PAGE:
IMG_0183_2I started out my parenting journey in survival mode: survive the pain, survive the nights, survive the long days when she wouldn’t nap, the unending feedings, the screaming…it was hard! No, of course it wasn’t all that way, but it was definitely an awakening! Not all the rainbows and unicorns I imagined! But somewhere after those first few crazy months, we realized we were going to have to stop just surviving and be more intentional about raising our child: from the simple things like sleep and eating habits to some of the really important ones like character development, correction, etc. It wasn’t just going to magically happen…at least not for us! So we got more deliberate about it. Not overnight – we never sat down and made a list or anything. It’s just been an ongoing dialogue about who God wants them to be and how to best train them for life. But what are the true differences between those “Survival Mode” parents and the Deliberate or Intentional Parents? Here are some of my observations and experiences:

The Survival Mode Parents are directed by their children – their likes and dislikes, their emotions, fits, etc. Often, these are the parents that, sometimes even unintentionally, bribe their children to get “good behavior,” but often overlook the deeper heart issues for a quick resolution in the moment. I’ve done it- more times than I care to admit, honestly. I still have those days sometimes – those days where I just want a quick solution for the sanity. I get it! Maybe it’s because we feel overwhelmed with life and just need compliance, peace, quiet; Maybe it’s because we feel unprepared to deal with our kid’s behavior – knowing the right thing to do in the moment; Maybe we just don’t feel like we have the time to deal with it. Whatever the reason is, it eventually backfires; it snowballs. The demands get bigger; the fits get bigger and forget obedience! After awhile you look up and realize your once small, fit throwing child is now a teenager still throwing those same fits, making bigger demands and ignoring all parental efforts to correct. They’re just bigger and can now get into ALOT more trouble.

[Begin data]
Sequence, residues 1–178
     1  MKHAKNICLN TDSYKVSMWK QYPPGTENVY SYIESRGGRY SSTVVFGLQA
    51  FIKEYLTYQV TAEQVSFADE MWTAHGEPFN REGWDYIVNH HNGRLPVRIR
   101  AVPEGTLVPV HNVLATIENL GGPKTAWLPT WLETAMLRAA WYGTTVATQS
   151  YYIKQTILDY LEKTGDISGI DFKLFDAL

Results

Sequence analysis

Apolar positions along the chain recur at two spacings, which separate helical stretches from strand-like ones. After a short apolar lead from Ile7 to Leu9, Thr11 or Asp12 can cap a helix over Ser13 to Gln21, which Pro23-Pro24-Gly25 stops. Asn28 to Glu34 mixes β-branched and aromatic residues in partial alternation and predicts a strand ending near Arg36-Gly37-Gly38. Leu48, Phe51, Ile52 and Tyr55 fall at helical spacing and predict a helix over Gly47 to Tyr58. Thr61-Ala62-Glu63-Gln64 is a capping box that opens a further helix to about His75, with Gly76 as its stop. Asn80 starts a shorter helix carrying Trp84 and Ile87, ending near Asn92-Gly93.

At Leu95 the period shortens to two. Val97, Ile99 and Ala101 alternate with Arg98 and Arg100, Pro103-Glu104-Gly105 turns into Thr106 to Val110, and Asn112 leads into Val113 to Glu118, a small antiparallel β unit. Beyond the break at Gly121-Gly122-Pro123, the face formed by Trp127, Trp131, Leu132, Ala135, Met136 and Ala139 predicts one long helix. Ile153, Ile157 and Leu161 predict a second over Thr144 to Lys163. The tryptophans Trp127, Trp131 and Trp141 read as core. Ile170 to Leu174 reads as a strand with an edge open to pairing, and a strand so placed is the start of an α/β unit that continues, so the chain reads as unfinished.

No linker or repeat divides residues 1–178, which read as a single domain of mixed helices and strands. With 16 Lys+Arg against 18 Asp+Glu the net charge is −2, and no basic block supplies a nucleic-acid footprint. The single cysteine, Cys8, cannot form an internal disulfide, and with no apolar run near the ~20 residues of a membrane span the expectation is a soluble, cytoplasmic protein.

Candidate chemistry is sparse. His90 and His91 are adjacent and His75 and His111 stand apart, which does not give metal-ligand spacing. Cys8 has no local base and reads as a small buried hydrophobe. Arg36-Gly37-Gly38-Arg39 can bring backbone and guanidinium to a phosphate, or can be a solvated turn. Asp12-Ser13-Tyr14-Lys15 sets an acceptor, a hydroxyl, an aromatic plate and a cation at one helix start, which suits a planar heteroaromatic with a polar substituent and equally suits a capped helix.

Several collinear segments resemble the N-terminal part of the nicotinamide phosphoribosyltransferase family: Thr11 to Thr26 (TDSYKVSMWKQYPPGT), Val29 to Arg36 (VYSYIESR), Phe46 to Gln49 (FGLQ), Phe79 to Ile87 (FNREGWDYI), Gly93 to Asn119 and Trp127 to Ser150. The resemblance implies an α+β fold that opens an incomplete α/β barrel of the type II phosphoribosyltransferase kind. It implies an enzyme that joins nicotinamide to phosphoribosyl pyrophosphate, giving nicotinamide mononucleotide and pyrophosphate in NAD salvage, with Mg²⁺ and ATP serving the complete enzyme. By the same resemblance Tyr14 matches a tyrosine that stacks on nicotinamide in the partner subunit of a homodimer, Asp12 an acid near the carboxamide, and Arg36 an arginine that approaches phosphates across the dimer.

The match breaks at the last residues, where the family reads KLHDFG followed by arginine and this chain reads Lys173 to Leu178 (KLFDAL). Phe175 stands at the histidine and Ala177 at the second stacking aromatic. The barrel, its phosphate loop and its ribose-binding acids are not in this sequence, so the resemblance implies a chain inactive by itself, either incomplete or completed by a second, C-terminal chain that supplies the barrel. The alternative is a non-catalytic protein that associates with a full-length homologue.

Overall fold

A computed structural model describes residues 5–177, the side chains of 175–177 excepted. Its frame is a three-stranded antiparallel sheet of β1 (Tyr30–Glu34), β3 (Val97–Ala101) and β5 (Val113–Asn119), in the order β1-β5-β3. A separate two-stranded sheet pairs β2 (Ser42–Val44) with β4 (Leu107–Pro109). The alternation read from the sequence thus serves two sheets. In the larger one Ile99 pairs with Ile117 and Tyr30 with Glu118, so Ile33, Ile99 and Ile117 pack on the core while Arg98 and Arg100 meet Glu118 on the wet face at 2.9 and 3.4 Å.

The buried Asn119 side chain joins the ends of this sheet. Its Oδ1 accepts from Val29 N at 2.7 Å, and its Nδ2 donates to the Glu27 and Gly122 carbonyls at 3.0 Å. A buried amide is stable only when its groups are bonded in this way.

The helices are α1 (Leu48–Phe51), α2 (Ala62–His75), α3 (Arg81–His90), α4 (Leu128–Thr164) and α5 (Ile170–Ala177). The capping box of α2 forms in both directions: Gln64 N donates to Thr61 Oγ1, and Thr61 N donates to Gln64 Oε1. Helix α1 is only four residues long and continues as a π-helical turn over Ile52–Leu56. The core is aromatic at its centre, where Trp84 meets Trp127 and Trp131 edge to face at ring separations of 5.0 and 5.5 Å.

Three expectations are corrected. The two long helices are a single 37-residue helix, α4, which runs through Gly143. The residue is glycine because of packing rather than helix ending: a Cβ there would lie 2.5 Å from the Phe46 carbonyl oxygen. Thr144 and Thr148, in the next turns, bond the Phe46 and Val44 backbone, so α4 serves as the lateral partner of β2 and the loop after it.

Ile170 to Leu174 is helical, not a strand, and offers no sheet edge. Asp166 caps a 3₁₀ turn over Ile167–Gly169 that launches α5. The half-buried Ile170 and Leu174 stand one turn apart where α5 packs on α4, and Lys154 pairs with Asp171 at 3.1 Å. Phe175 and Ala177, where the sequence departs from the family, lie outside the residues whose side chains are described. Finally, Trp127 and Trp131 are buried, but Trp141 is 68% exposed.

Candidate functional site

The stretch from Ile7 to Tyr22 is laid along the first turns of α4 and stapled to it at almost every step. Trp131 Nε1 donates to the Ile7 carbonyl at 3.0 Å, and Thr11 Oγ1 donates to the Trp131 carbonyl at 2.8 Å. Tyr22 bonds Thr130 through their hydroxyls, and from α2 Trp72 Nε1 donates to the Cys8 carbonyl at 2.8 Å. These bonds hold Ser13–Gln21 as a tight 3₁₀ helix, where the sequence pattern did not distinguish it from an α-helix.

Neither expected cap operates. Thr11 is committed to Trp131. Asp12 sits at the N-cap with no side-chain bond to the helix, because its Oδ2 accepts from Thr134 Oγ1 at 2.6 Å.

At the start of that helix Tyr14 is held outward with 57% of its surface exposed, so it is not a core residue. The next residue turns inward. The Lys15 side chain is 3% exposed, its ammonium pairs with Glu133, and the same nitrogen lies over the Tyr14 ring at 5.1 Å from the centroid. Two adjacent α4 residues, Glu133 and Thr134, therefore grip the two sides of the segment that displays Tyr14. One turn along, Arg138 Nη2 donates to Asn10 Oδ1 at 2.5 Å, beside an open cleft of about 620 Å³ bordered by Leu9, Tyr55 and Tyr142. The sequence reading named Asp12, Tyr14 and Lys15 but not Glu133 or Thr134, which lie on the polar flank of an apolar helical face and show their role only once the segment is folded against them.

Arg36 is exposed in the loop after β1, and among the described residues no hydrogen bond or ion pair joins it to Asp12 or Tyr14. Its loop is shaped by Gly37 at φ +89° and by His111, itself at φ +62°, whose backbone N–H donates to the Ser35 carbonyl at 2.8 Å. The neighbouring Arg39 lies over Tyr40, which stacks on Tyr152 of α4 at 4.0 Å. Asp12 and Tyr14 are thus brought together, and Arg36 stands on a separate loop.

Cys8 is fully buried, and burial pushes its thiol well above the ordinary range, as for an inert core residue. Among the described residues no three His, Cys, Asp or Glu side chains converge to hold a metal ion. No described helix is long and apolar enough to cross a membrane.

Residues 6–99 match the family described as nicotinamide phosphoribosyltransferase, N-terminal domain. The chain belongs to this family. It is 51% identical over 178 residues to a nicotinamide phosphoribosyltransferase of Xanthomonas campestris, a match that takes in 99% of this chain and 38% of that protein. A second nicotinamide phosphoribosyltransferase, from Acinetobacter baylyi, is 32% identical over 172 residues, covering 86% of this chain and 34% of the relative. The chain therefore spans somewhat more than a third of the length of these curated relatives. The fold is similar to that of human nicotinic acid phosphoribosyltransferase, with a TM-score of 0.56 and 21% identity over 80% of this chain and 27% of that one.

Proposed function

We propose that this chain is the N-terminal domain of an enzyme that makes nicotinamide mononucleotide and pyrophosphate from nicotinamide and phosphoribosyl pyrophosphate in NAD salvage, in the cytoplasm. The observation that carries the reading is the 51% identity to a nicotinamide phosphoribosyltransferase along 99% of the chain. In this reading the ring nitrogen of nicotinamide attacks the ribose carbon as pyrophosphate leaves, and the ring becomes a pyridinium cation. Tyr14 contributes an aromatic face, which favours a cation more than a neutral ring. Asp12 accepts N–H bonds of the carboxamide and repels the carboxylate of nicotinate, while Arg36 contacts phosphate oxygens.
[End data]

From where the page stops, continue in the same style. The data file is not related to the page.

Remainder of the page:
By contrast, the intentional parent has great deliberateness in what they are doing. They have a purpose or plan in mind; there is a goal. They know their “why.” Their what?!? Their “why.” They know why they are doing what they are doing. Their why keeps them focused on the goal. It reminds them in weak moments why they have chosen that path; made that decision. It whispers to them when they make a mistake and stands ever more boldly when they see the fruit of their efforts – though it may not be seen in the here and now. It’s the basis of being a deliberate or intentional parent. Let me warn you: this requires HARD decisions. Your kids won’t always be happy with them. Honestly, they might be downright mad about a lot of them, but the deliberate parent knows they aren’t there make their kids “happy.” They are called to train them in the way they SHOULD go, not the way they want to. Our decisions for our children won’t always be understood by friends and family, but your children were entrusted to you; not your family; not your friends. You must make the best decisions you can for them; Spiritual, mental, emotional, social and physical decisions with the “why” ever present. It will keep you committed to the journey, the decisions that you make for them.

So where do you fall in this? What’s your “why?” I would love to hear your thoughts and experiences.

Written by Amy Pino